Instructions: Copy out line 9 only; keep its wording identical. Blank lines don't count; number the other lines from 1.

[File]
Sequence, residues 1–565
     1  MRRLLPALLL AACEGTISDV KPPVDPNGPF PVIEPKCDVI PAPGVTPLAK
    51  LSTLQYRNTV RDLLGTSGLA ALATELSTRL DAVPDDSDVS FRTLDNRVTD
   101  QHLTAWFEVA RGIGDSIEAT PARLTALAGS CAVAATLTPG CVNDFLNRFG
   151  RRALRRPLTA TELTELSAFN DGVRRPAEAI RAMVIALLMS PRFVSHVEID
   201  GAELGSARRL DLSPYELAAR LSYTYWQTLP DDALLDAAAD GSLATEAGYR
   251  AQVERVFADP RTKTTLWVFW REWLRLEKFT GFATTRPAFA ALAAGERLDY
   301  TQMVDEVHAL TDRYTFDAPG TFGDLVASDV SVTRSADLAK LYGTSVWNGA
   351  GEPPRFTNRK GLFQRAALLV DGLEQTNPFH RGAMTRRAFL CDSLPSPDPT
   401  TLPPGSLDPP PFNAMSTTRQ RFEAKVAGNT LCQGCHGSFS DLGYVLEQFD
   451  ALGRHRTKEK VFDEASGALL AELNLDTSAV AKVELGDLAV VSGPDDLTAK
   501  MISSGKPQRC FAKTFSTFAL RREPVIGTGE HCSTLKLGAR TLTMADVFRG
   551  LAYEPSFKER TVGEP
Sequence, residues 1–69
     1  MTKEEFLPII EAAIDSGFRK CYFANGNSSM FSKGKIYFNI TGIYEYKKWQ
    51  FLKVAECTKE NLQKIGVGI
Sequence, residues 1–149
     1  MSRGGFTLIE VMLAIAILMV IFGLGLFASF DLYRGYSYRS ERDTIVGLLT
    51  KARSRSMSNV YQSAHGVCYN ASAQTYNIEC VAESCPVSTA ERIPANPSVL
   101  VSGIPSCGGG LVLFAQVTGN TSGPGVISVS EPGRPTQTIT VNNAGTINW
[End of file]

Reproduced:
   351  GEPPRFTNRK GLFQRAALLV DGLEQTNPFH RGAMTRRAFL CDSLPSPDPT